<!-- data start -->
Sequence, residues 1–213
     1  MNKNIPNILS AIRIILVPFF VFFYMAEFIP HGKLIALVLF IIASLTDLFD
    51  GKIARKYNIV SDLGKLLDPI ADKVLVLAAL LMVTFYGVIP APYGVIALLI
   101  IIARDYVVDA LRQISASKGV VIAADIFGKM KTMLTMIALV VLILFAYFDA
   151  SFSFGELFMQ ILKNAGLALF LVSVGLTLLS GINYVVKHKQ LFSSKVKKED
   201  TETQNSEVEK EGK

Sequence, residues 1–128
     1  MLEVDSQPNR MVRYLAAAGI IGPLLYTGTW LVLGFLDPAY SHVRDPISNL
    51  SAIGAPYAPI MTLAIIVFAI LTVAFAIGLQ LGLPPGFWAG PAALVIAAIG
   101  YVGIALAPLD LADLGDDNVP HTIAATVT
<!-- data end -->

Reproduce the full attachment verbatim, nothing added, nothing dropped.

Sequence, residues 1–213
     1  MNKNIPNILS AIRIILVPFF VFFYMAEFIP HGKLIALVLF IIASLTDLFD
    51  GKIARKYNIV SDLGKLLDPI ADKVLVLAAL LMVTFYGVIP APYGVIALLI
   101  IIARDYVVDA LRQISASKGV VIAADIFGKM KTMLTMIALV VLILFAYFDA
   151  SFSFGELFMQ ILKNAGLALF LVSVGLTLLS GINYVVKHKQ LFSSKVKKED
   201  TETQNSEVEK EGK

Sequence, residues 1–128
     1  MLEVDSQPNR MVRYLAAAGI IGPLLYTGTW LVLGFLDPAY SHVRDPISNL
    51  SAIGAPYAPI MTLAIIVFAI LTVAFAIGLQ LGLPPGFWAG PAALVIAAIG
   101  YVGIALAPLD LADLGDDNVP HTIAATVT